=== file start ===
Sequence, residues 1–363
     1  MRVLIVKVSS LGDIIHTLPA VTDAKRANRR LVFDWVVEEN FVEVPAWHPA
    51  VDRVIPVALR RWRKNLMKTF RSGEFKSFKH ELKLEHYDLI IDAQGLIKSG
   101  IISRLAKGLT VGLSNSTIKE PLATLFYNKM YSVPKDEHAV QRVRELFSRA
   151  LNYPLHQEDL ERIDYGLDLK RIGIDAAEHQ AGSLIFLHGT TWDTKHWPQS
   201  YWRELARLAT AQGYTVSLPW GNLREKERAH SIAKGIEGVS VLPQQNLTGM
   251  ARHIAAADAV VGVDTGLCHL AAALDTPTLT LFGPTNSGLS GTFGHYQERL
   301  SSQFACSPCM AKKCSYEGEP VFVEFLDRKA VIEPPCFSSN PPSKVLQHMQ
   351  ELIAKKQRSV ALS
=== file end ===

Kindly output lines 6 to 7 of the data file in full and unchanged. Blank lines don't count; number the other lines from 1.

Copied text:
   201  YWRELARLAT AQGYTVSLPW GNLREKERAH SIAKGIEGVS VLPQQNLTGM
   251  ARHIAAADAV VGVDTGLCHL AAALDTPTLT LFGPTNSGLS GTFGHYQERL